•  A bunch of fruit - whatever your favorite fruit is. I find berries or grapes work best because you don't need to cut them up. Wash them before eating them.
  •  1 Thing of yogurt - this is the technical term for however much yogurt you want to put in the oatmeal. If I have individually packaged yogurts, I'll just dump one of those in. If I have a bigger container, I'll scoop a pile of yogurt in until it looks like enough. You'll figure out how much you want to put in.
    First, get the fruit ready. Wash it up and put it in a small bowl. Crack the eggs into a bowl/cup and scramble them. If you're talented, you can crack them with one hand and not slop them down the sides. After cracking about 30,000 eggs in my lifetime, I'm still not talented. I managed to do it once then the next time I ended up with a dripping fistful of egg and shell.
    ** On a side note, it IS possible to squeeze an egg with one hand and break it. A friend of mine once told me that you can't put an egg in the palm of your hand, squeeze it and break it. He said it wasn't possible (he was a physics major). So I grabbed an egg and squeezed it REALLY tight. Three seconds later, it exploded so hard the yolk popped out and flew 6 feet across the room and actually landed right in his shirt pocket!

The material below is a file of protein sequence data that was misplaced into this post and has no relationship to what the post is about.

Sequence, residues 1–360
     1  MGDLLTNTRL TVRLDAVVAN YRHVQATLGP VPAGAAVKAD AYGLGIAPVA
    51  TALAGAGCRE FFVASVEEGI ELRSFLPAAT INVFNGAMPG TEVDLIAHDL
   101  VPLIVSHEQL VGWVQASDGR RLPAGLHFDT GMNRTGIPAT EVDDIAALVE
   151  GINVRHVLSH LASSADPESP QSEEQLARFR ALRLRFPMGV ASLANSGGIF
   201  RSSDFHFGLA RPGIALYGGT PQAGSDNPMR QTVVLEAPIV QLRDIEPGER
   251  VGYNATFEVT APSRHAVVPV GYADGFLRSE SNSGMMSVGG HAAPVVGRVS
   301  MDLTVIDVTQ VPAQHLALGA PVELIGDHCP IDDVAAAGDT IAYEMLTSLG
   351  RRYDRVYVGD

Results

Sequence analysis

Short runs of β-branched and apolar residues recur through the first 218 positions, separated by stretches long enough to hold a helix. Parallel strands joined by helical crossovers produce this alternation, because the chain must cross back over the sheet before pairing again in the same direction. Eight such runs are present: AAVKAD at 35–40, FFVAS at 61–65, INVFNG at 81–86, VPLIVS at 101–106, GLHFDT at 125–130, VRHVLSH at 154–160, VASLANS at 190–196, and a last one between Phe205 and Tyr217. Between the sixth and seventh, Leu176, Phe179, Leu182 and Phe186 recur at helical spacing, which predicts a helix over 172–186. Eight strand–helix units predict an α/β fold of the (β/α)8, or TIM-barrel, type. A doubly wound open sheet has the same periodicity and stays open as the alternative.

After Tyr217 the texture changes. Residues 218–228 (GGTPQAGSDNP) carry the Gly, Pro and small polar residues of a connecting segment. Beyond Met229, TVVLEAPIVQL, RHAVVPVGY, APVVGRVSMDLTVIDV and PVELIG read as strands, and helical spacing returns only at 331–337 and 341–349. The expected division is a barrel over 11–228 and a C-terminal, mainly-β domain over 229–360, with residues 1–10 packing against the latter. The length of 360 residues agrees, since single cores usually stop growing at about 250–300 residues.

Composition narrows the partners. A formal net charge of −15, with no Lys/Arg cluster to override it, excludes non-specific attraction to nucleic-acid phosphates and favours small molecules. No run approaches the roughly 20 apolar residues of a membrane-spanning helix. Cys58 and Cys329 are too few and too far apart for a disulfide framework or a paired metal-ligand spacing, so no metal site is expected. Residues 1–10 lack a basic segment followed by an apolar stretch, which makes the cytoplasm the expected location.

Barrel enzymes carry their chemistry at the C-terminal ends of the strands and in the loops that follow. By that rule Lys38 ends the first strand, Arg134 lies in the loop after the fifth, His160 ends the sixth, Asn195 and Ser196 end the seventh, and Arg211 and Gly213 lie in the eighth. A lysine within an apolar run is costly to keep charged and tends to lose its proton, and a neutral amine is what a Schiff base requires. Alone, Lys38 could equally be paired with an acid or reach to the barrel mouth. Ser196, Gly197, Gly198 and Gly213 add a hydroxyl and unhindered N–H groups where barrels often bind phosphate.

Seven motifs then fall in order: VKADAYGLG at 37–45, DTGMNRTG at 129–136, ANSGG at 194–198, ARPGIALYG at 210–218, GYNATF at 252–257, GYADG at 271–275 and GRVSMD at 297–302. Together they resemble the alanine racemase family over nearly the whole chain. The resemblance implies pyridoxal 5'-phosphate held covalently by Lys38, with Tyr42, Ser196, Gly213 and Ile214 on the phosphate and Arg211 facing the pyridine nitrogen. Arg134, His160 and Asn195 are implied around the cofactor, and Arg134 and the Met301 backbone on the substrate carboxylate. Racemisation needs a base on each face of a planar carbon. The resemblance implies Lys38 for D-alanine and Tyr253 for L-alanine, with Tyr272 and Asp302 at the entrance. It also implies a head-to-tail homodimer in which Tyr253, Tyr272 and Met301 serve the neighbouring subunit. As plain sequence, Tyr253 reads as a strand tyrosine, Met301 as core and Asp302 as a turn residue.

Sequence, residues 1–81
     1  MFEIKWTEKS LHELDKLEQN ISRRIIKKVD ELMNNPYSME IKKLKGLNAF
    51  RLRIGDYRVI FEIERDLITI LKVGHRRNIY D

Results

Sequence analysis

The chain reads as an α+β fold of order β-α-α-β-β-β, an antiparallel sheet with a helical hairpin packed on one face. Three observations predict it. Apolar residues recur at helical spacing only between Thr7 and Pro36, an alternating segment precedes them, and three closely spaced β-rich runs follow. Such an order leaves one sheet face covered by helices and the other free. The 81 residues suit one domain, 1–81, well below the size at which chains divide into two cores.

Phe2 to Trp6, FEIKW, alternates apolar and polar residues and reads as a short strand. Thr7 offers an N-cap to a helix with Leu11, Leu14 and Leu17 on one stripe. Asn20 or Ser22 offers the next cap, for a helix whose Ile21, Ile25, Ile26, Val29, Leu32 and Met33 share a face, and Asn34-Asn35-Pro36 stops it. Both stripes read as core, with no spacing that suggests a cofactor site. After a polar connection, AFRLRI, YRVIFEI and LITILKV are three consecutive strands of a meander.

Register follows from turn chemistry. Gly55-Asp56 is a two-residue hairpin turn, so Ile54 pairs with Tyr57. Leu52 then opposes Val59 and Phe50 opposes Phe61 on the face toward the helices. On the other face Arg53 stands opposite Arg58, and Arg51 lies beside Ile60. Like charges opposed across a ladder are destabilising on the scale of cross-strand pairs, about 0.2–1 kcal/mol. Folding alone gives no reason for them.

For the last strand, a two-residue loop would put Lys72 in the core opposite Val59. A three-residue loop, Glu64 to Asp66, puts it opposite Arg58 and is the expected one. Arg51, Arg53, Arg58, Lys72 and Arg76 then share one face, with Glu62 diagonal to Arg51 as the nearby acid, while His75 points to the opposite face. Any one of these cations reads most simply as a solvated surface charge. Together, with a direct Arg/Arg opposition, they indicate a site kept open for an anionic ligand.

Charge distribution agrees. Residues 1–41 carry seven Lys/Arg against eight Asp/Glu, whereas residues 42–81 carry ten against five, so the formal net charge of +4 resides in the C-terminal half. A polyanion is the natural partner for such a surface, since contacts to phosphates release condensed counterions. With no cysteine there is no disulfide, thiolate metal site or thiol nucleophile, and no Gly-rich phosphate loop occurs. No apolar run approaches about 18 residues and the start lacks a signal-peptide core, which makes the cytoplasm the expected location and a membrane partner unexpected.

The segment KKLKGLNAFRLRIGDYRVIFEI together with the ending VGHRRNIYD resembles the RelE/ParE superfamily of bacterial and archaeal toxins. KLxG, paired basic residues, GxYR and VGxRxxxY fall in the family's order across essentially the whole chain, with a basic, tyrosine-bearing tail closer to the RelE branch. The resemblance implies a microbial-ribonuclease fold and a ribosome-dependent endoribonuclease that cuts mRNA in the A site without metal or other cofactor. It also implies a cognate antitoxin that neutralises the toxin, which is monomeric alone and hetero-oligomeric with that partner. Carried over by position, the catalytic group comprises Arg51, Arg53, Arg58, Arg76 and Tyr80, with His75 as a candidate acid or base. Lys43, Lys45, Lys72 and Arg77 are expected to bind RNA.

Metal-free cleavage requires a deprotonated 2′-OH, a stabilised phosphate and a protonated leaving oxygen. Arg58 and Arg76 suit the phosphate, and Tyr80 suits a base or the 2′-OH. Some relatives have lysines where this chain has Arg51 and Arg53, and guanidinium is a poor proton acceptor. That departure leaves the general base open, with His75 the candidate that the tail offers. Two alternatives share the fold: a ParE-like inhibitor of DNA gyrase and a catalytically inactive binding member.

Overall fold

So anyway, THAT being said, measure out a cup of oats, dump it in a good-sized bowl, then add double the amount of oats in water, e.g. 1 cup of oats, add 2 cups of water. You can adjust the water later, depending on if you like your oatmeal a little soupy (like I do) or masonry thick (like my wife does).
    Nuke it for about 3 1/2 to 4 minutes. While that's going, turn on the stove and get the pan for the eggs heated up. Throw a gob of Smart Balance margarine in the pan (that's a great brand - it's actually a reasonably healthy margarine and tastes good). Olive oil works really well here, too, as does non-stick spray. With the olive oil, it's a good idea to have a spray bottle for it so it doesn't all pool up in the corner that your stove burner leans to (you know what I'm talking about).
    Make sure the whole bottom surface of the egg pan gets covered with something slippery or you'll regret it later when you try to keep eggs from getting all crusted up and nasty along the sides.